Palestinians and Iran pay tribute to Hugo Chavez
Chavez described as someone who kept Palestine "in his heart"; symbol for those "scarred by imperialism" Ahmadinejad says.
Iran's Ahmadinejad and Venezuela's Chavez Photo: Raheb Homavandi / Reuters
Senior Palestinian official Nabil Sha’ath on Wednesday paid tribute to
Venezuelan leader Hugo Chavez who died following a two-year battle with
President Mahmoud Ahmadinejad also expressed his esteem for
Chavez, and Iran declared a day of national mourning.
Sha’ath noted the
former Venezuelan president’s special relationship to “Palestine,” Palestinian
news agency Ma’an reported.
“Today we remember the words of Simon
Bolivar, ‘I desire to see [Latin] America fashioned into the greatest nation in
the world, greatest not so much by virtue of her area and wealth as by her
freedom and glory.’ President Chavez endlessly worked not only for freedom and
glory for his beloved Latin America, but for all oppressed peoples, including
Palestine, a country he kept in his heart,” Sha’ath said.
who forged a public friendship with Chavez characterized by lavish mutual
praise, hugs and light-hearted moments, may attend Chavez’s funeral on Friday,
state news agency IRNA reported. Chavez shared the Islamic Republic’s loathing
for US “imperialism.”
“Hugo Chavez is a name known to all nations. His
name is a reminder of cleanliness and kindness, bravery... dedication and
tireless efforts to serve the people, especially the poor and those scarred by
colonialism and imperialism,” Ahmadinejad said.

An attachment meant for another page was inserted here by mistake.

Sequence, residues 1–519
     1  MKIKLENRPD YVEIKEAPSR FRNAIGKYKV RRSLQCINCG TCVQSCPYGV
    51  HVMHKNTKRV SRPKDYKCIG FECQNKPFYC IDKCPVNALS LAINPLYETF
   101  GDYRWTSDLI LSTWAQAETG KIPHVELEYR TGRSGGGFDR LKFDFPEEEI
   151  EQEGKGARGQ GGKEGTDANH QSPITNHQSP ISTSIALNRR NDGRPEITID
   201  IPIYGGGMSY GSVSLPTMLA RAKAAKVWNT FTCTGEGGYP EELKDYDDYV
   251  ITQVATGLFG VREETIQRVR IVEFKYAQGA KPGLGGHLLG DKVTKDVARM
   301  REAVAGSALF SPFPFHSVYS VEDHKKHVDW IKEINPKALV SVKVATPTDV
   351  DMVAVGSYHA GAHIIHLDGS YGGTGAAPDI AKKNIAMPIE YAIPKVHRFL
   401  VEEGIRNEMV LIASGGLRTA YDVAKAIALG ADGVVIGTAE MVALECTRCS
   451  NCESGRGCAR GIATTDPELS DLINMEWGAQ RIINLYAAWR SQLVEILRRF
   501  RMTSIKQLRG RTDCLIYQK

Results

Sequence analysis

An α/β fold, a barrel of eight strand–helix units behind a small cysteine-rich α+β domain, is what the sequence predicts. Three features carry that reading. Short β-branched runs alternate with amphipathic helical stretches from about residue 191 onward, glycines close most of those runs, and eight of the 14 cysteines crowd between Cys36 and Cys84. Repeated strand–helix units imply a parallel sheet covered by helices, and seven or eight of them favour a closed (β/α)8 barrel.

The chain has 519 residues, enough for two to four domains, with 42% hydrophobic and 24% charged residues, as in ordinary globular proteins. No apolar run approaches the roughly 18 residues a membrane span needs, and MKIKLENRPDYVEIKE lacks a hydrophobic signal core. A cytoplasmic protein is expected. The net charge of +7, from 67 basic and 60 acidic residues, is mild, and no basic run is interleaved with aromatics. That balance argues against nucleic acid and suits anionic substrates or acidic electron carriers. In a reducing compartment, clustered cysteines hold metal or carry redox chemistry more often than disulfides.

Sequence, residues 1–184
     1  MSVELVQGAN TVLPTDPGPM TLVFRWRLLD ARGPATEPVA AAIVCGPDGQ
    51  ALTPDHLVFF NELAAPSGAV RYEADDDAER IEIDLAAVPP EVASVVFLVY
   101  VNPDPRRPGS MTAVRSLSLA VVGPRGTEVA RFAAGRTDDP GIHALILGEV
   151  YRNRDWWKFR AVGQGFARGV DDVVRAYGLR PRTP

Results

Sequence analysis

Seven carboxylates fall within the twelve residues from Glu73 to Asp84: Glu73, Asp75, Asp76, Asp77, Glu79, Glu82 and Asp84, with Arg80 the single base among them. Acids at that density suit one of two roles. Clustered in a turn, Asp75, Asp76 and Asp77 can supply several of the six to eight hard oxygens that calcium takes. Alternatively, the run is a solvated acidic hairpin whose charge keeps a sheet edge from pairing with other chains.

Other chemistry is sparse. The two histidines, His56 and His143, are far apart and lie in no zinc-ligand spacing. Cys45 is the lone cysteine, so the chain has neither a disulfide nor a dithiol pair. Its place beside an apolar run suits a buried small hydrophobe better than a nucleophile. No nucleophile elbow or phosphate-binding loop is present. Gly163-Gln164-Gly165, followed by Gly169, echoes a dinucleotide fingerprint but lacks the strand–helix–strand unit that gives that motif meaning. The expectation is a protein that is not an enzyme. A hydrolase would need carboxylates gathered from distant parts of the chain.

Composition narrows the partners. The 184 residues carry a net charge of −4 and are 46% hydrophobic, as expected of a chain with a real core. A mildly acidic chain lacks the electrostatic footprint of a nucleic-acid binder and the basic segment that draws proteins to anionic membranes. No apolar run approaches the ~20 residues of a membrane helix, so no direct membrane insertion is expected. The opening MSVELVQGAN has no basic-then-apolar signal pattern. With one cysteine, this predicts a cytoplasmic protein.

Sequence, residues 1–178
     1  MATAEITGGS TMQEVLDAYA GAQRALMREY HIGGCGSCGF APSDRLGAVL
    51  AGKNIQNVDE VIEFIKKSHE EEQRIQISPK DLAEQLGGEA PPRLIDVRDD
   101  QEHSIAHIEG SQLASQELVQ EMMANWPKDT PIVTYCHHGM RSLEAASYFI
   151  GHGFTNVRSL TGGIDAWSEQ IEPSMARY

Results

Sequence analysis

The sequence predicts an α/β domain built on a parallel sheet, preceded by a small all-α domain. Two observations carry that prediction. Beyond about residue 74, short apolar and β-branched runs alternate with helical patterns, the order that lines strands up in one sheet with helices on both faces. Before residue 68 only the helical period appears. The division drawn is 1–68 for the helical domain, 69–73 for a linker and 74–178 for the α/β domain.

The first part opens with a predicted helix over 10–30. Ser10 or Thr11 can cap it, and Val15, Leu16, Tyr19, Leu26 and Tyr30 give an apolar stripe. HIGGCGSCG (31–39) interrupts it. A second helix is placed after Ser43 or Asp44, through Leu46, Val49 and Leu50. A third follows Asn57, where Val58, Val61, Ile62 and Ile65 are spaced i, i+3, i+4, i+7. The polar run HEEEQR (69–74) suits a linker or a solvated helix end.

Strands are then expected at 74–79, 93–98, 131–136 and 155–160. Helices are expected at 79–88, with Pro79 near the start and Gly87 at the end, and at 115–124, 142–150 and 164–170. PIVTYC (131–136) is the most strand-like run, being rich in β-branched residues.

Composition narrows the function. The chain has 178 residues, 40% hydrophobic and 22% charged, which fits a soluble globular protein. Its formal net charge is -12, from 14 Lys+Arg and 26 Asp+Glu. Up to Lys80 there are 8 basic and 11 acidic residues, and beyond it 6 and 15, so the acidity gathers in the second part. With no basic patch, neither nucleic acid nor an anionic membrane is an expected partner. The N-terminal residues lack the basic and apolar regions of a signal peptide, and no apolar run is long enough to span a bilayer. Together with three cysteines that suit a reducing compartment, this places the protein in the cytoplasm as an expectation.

The US had looked askance
at Venezuela’s warm relationship with Iran, fearing that Caracas could give
Tehran an economic lifeline as it struggles to stave off pressure from sanctions
over its nuclear activities.
Chavez, at a news conference with
Ahmadinejad in Caracas in January 2012, mocked US suspicions about Iran’s
nuclear work, saying: “That hill will open up and a big atomic bomb will come
Syrian state media mourned Chavez’s death on Wednesday, saying he
had taken an honorable stand against a conspiracy targeting
Chavez, an ally and regular guest of President Bashar Assad,
shipped diesel fuel to Syria last year to help it overcome shortages caused by
Western sanctions, and described the rebellion against Assad as an international
plot backed by Western powers.
Syria’s state television led its news with
the announcement of Chavez’s death, saying he had “stood up for legitimate Arab
rights, including an honorable stand toward the conspiracy against
“He repeatedly declared his solidarity with Syria’s leadership and
its people in the face of the fierce imperialist attack it was exposed to, and
condemned the American pressure [on Syria],” it said.